In a positive ageing environment, workers should be facilitated in working beyond normal retirement age
The Minister for Public Expenditure and Reform, Paschal Donohoe, T.D., today (Friday) published the Report of the Interdepartmental Group on Fuller Working Lives chaired by his Department (link here), which has been agreed by Government.
In January, the Government agreed to the establishment of the Working Group to consider policy around retirement age in both the public and private sectors. The Group was charged with examining the implications arising from retirement ages now and in the future and making recommendations on a policy framework to address the issues identified and to support fuller working lives*.
The establishment of the Group came in light of the fact that people are now living longer, more active and healthier lives, as well as in light of the demographic pressures associated with an ageing population. Expenditure on State pensions and relevant supplementary payments is set to rise from €7 billion in 2016 to €8.7 billion in 2026, assuming no rate changes – notwithstanding the rise in the age of eligibility for the State Pension from 66 to 67 in 2021 (and 68 in 2028). Consideration was also given to the mental and social, as well as the economic, benefits associated with supporting people to work later in life.
The Group found that if the increases in the State pension age are not matched by longer working, future incomes for those retiring before reaching the age of eligibility for the State pension will become an increasingly prevalent issue, with implications across a number of policy areas.
It also found that, in line with the vision set out in the National Positive Ageing Strategy, Ireland should be a society that explores the opportunities associated with longer, fuller working lives by preparing properly for population ageing and supporting older people’s continued engagement in economic and social life. To that end a shift in ‘cultural norms’ around retirement age is needed on all sides.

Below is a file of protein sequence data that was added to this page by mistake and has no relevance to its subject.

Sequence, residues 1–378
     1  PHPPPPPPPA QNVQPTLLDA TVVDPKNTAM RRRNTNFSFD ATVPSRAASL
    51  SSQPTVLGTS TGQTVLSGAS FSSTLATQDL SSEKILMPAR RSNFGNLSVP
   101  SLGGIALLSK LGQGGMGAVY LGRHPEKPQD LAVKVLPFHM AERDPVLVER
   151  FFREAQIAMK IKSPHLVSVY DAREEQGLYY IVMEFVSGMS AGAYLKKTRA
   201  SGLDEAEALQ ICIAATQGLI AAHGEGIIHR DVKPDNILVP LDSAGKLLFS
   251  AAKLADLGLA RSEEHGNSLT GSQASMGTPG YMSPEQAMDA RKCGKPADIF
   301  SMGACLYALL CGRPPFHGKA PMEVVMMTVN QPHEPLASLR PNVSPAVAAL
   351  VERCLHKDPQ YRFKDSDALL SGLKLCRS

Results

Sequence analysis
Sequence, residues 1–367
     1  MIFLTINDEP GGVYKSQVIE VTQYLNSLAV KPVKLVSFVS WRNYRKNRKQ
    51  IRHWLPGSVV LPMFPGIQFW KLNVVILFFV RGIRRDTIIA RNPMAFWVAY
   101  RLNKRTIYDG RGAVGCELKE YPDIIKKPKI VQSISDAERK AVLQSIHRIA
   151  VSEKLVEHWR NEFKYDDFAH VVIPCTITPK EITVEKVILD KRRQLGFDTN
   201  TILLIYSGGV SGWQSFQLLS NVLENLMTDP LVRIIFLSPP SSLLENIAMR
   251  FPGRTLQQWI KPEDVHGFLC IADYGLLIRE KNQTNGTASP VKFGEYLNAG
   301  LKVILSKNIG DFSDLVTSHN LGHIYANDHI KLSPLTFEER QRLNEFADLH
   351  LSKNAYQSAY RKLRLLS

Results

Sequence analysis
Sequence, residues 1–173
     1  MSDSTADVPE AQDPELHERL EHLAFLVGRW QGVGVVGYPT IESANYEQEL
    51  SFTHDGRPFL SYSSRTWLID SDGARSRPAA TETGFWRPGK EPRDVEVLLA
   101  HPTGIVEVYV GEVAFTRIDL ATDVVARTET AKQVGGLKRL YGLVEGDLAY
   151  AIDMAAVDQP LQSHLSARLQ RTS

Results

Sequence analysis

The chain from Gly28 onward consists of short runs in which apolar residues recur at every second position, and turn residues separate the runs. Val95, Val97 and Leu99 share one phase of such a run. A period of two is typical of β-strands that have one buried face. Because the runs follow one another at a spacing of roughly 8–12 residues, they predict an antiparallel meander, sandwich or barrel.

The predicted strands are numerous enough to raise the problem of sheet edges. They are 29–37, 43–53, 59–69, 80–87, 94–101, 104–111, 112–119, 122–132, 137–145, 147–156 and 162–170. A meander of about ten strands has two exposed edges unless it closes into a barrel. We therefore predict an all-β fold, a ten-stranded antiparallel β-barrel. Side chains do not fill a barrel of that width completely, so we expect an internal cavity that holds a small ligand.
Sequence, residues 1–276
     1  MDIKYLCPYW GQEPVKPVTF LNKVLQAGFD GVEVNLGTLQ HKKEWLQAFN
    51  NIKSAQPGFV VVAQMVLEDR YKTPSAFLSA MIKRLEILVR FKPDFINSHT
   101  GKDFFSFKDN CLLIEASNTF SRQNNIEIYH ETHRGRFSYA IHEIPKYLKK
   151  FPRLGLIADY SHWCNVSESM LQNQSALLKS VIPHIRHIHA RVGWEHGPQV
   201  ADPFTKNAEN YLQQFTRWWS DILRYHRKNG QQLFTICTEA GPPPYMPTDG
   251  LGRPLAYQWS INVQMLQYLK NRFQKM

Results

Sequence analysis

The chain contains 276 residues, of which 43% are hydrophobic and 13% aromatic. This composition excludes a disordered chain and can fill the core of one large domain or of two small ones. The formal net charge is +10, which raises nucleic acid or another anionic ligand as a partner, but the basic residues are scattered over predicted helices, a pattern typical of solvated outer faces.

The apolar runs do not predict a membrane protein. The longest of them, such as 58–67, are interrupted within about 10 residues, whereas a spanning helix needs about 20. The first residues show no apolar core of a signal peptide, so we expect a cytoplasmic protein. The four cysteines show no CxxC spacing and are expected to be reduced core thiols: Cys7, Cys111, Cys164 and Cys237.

In a positive ageing environment, workers should, to the greatest extent possible, be facilitated with the option to work beyond normal retirement age. This should be done with a degree of flexibility and certainty for staff which should be clearly communicated by management. The Report also recognised the fact that appropriate training and other supports for older workers may be needed to enable them to remain active participants in the labour market and in communities, with all actors – the State, employers and workers themselves – having responsibilities in this area. The Social Welfare system should continue to provide a safety net for those who, for health or other reasons, are not in a position to work longer.
The Group has identified a set of framework principles to underpin policy in this area and has made the following recommendations which will now be implemented by the relevant Departments:
- The Department of Jobs, Enterprise and Innovation is to ask the Workplace Relations Commission to prepare a code of practice around the issue of longer working;
- Employers should take steps to ensure that their policy on retirement age is clearly articulated;
- Employers and workers representatives should take measures to improve awareness among both workers and employers of options, rights and responsibilities around longer working;
- The Department of Public Expenditure and Reform is to review, with public service employers, the barriers to extended participation in the public service workforce up to the age of entitlement to the State Pension;
- The Department of Justice is to ask the Irish Human Rights and Equality Commission to ensure that appropriate guidance material is made available to employers on the use of fixed-term contracts beyond normal retirement age; and
- The Department of Education is to request SOLAS (The Further Education and Training Authority) and the Education and Training Boards in the context of the National Skills Strategy to develop appropriate solutions tailored to the needs of older workers in order to support them in staying attached to the workforce.
Commenting on the publication of the Report, the Minister said: ‘I welcome the Report of the Interdepartmental Group on Fuller Working Lives. This is an important piece of work. People are, thankfully, living longer and healthier lives and this trend will continue into the future. An ageing population does creates challenges as well as opportunities that need to be explored. We need a policy framework to support those who want to continue to make an active contribution throughout their lives, including through work. Together with the National Positive Ageing Strategy, the recommendations set out in this Report will help us to achieve that’.
“This is a complex and multi-faceted issue. I would like to thank stakeholders for their input to the Group’s work. It will be important that the State, employers, trade unions and community and voluntary groups work together to advance this agenda and to ensure the recommendations are implemented, so we can provide for the future and plan for citizens’ fuller working lives.”
*The remit of the Group did not include an examination of pension entitlements, nor did it revisit key pension policy reform decisions already taken.